This Serbian fury had its controller and co-ordinator in the person of Colonel Dragutin Dimitrijevic, the Serbian Intelligence chief, who also masterminded a secret service organisation known sinisterly as the Black Hand Society. Dimitrijevic was nicknamed Apis (the Bee) because of his ceaseless energy in plotting against the Archduke Franz Ferdinand and the plans for expanding the Austro-Hungarian Empire.

It was Apis and the Black Hand who decided that the Archduke should be murdered. They even chose the significant day of 28th June – significant because it commemorated the Serbian anniversary of Vidovdan, a famous battle fought 500 years earlier.

It was important, of course, since the motive behind the assassination was simply to stir up unrest, that Apis, who was a Serbian government officer, should not be connected with it. So the man whose task it was actually to recruit the assassins was Major Voja Tankosic, an official of the Black Hand.

Dressed in civilian clothes, Tankosic wandered around the caf√©s and coffee shops of Belgrade where, for hours on end, young students talked zealously about their dream of a Greater Serbia. These were the haunts of Gavrilo Princip and his great friend, Vassa Chabrinovich, a policeman’s son who already, at 19, had a reputation for lawlessness. And here they met another teenager, Tryfon Grabezh, who was also a Serbian idealist.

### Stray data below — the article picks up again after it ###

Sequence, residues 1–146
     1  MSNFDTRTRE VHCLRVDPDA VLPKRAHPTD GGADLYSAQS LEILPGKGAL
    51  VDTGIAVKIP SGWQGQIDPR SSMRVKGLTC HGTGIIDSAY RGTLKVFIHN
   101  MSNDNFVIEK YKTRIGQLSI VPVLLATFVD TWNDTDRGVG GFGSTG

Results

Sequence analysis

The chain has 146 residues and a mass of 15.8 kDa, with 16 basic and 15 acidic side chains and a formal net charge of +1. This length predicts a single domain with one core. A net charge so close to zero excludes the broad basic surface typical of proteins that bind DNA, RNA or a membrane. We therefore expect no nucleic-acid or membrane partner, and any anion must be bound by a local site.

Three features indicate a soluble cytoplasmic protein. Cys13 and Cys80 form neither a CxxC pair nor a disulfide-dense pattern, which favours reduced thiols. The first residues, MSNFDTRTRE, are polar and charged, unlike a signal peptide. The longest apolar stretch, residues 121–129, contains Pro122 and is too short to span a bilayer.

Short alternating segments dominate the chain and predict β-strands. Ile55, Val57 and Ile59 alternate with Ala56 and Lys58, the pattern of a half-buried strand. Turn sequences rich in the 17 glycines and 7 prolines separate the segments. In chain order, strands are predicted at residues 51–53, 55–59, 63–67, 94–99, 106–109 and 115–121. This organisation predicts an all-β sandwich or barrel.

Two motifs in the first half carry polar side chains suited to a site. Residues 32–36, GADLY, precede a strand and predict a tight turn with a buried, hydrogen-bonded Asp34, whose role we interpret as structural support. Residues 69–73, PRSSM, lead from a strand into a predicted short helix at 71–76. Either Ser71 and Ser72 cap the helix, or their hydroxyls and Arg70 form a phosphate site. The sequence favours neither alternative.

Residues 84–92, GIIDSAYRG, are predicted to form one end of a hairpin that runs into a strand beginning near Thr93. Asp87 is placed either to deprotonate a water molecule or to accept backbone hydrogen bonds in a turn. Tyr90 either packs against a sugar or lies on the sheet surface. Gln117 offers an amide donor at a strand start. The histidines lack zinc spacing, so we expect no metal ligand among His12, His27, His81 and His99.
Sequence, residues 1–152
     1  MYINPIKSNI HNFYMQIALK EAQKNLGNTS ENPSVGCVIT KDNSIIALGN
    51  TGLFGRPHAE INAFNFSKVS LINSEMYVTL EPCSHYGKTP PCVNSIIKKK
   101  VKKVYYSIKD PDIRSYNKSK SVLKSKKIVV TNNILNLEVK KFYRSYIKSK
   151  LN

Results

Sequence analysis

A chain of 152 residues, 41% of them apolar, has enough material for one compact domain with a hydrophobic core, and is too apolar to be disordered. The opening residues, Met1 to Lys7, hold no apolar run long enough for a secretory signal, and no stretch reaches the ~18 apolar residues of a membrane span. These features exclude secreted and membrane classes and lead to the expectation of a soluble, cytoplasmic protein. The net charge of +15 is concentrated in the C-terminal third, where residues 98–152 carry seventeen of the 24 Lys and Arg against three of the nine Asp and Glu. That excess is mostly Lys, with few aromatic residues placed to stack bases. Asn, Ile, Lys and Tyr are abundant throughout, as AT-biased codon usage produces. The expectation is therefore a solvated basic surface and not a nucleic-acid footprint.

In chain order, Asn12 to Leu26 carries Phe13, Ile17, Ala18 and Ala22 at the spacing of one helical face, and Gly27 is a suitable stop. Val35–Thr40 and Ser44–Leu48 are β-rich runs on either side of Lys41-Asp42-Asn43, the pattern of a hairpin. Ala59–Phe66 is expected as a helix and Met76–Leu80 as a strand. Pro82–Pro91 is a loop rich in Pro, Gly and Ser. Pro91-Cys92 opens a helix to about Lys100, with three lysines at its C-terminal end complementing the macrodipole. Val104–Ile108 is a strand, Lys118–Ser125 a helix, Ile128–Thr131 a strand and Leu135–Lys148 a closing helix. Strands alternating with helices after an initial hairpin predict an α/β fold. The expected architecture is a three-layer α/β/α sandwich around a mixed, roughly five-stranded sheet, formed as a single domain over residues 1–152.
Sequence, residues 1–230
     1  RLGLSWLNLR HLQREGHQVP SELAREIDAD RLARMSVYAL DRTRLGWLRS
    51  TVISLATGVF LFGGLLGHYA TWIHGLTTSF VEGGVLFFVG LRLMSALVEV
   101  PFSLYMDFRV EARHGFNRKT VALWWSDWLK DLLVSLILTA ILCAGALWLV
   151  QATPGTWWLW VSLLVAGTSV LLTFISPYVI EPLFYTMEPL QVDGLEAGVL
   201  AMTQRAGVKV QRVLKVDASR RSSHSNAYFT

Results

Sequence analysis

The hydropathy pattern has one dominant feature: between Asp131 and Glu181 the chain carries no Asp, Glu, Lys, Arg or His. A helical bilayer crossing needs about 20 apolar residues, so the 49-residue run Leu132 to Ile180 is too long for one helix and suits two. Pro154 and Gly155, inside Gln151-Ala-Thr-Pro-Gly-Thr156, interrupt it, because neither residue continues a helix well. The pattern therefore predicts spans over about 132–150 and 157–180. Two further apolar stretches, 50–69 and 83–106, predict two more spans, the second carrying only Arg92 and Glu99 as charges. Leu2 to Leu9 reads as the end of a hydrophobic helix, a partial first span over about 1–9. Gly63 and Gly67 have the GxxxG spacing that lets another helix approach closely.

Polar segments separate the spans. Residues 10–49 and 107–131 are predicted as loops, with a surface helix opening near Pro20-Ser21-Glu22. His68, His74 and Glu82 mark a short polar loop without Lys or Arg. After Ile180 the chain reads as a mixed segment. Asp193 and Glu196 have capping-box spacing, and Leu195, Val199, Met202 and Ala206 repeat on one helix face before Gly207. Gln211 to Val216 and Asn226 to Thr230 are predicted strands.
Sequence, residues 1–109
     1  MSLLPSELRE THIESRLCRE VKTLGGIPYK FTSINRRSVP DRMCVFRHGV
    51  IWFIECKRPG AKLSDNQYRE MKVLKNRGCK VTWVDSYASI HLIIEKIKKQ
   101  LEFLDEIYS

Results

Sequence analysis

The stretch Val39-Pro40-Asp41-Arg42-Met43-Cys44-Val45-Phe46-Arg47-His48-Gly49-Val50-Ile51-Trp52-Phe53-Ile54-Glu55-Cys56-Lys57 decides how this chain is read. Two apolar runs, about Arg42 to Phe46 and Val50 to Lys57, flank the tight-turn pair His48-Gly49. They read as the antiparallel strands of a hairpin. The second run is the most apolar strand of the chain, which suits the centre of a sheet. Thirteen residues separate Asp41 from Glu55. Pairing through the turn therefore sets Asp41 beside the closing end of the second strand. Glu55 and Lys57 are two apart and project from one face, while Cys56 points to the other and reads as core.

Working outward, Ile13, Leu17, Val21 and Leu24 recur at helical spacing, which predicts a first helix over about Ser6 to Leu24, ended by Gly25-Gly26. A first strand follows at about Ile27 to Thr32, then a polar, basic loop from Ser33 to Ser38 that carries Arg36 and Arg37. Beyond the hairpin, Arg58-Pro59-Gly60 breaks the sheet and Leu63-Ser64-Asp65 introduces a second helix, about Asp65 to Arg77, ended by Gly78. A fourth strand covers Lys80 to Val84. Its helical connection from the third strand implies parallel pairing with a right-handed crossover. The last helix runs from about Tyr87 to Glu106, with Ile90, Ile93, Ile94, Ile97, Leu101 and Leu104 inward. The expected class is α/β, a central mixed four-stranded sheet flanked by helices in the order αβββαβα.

When Major Tankosic was introduced to this trio of malcontents he was sure they were exactly the material he wanted. And all three left him in no doubt that his search for competent assassins was over.

“How do you think of doing it?” the Major asked.

“I think the sure way is a revolver,” replied Grabezh, and immediately the Major instructed one of his aides to take the trainee assassins to the shooting butts for some weapon lessons in how to use the weapon.

Besides the Browning revolvers, they were given six bombs for good measure and some cyanide. Their orders were to commit suicide after killing the Archduke.

When the three youths arrived in Sarajevo, their ranks were swelled by some interesting new arrivals. First they were joined by a 23-year-old schoolmaster and revolutionary named Danito Ilic. He had gained three local recruits, a Moslem, Muhamed Mehmedbasic and two students, 17-year-old Vaso Cubrilovic and Cvijetko Popovic, 18. The aim of the band, now seven-strong, was to position themselves individually along the route to be taken by the Archduke’s car and the civic procession following it and, if the first one in line failed to do the killing, the next would try, and so on down the line.

It was a Sunday morning, and already a sweltering hot day when the Archduke and the procession set off through the town and, at 10.15, entered Appel Quay – where the assassins mingled with the crowd along the route – for the last few hundred yards of their drive to Sarajevo Town Hall.

As the motorcade passed before Mehmedbasic, the Moslem’s hands perspired around his bombs and his pistol. But, paralysed with fear, he didn’t do a thing. His weapons stayed beneath his coat and to the cheers of his loyal subjects the Archduke drove on.